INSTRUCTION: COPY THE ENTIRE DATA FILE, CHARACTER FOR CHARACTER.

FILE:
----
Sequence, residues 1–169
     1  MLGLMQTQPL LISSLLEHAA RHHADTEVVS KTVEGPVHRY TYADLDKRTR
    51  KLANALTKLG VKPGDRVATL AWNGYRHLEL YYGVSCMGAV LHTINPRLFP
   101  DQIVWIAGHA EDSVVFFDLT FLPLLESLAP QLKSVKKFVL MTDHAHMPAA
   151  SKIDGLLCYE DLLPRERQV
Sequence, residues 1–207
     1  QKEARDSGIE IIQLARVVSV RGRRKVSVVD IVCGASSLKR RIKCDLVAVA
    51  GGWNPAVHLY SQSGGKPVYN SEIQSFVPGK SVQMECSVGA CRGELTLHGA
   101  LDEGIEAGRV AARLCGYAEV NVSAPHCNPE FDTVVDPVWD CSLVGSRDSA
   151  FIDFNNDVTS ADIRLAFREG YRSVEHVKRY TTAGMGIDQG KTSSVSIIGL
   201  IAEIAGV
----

Sequence, residues 1–169
     1  MLGLMQTQPL LISSLLEHAA RHHADTEVVS KTVEGPVHRY TYADLDKRTR
    51  KLANALTKLG VKPGDRVATL AWNGYRHLEL YYGVSCMGAV LHTINPRLFP
   101  DQIVWIAGHA EDSVVFFDLT FLPLLESLAP QLKSVKKFVL MTDHAHMPAA
   151  SKIDGLLCYE DLLPRERQV
Sequence, residues 1–207
     1  QKEARDSGIE IIQLARVVSV RGRRKVSVVD IVCGASSLKR RIKCDLVAVA
    51  GGWNPAVHLY SQSGGKPVYN SEIQSFVPGK SVQMECSVGA CRGELTLHGA
   101  LDEGIEAGRV AARLCGYAEV NVSAPHCNPE FDTVVDPVWD CSLVGSRDSA
   151  FIDFNNDVTS ADIRLAFREG YRSVEHVKRY TTAGMGIDQG KTSSVSIIGL
   201  IAEIAGV